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preaching

[pree-ching] /ˈpri tʃɪŋ/
noun
1.
the act or practice of a person who preaches.
2.
the art of delivering sermons.
3.
a sermon.
4.
a public religious service with a sermon.
adjective
5.
of, relating to, or resembling preaching:
a preaching tone of voice.
Origin of preaching
1225-1275
1225-75; Middle English preching (gerund); see preach, -ing1, -ing2
Related forms
preachingly, adverb
nonpreaching, adjective, noun
unpreaching, adjective

preach

[preech] /pritʃ/
verb (used with object)
1.
to proclaim or make known by sermon (the gospel, good tidings, etc.).
2.
to deliver (a sermon).
3.
to advocate or inculcate (religious or moral truth, right conduct, etc.) in speech or writing.
verb (used without object)
4.
to deliver a sermon.
5.
to give earnest advice, as on religious or moral subjects or the like.
6.
to do this in an obtrusive or tedious way.
Origin
1175-1225; Middle English prechen < Old French pre(ë)chier < Late Latin praedicāre to preach (Latin: to assert publicly, proclaim). See predicate
Related forms
outpreach, verb (used with object)
unpreached, adjective
Synonyms
5. advocate, profess, pronounce, expound.
Dictionary.com Unabridged
Based on the Random House Dictionary, © Random House, Inc. 2015.
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Examples from the Web for preaching
Contemporary Examples
Historical Examples
  • An old acquaintance once said to me, What are you preaching now?

  • Yet the old carpenter's preaching is, methinks, more to your taste.

    Micah Clarke Arthur Conan Doyle
  • This Crandall thinks these men I fired are martyrs, and he's preaching a crusade.

    Day of the Moron Henry Beam Piper
  • Bunyan's preaching enterprise became an extraordinary success.

    Bunyan James Anthony Froude
  • Thus, the doctrine which He has been preaching to the Pharisees is brought out in all its power.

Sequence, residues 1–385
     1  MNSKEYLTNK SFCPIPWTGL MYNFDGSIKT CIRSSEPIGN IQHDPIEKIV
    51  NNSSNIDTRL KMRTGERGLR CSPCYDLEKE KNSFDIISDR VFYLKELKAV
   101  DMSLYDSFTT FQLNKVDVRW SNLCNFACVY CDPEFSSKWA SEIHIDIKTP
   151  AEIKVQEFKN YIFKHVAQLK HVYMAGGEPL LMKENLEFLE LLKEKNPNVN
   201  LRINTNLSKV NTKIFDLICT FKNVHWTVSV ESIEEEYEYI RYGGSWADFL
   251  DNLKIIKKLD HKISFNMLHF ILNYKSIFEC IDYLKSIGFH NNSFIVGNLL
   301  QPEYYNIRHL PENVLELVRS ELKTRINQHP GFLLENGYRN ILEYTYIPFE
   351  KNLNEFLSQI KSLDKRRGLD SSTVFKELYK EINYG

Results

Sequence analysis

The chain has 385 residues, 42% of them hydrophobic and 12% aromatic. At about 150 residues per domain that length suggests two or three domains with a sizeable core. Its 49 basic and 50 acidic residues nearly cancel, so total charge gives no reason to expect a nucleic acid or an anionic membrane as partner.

The Gospel of St. John Frederick Denison Maurice
British Dictionary definitions for preaching

preach

/priːtʃ/
verb
1.
to make known (religious truth) or give religious or moral instruction or exhortation in (sermons)
2.
to advocate (a virtue, action, etc), esp in a moralizing way
Derived Forms
preachable, adjective
Word Origin
C13: from Old French prechier, from Church Latin praedicāre, from Latin: to proclaim in public; see predicate
Collins English Dictionary - Complete & Unabridged 2012 Digital Edition
© William Collins Sons & Co. Ltd. 1979, 1986 © HarperCollins
Publishers 1998, 2000, 2003, 2005, 2006, 2007, 2009, 2012
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Word Origin and History for preaching

preach

v.

at first in late Old English predician, a loan word from Church Latin; reborrowed 12c. as preachen, from Old French preechier "to preach, give a sermon" (11c., Modern French précher), from Late Latin praedicare "to proclaim publicly, announce" (in Medieval Latin "to preach"), from Latin prae "before" (see pre-) + dicare "to proclaim, to say" (see diction). Related: Preached; preaching. To preach to the converted is recorded from 1867 (form preach to the choir attested from 1979).

Online Etymology Dictionary, © 2010 Douglas Harper
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Idioms and Phrases with preaching

preach

In addition to the idiom beginning with preach also see: practice what you preach
The American Heritage® Idioms Dictionary
Copyright © 2002, 2001, 1995 by Houghton Mifflin Company. Published by Houghton Mifflin Company.
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17
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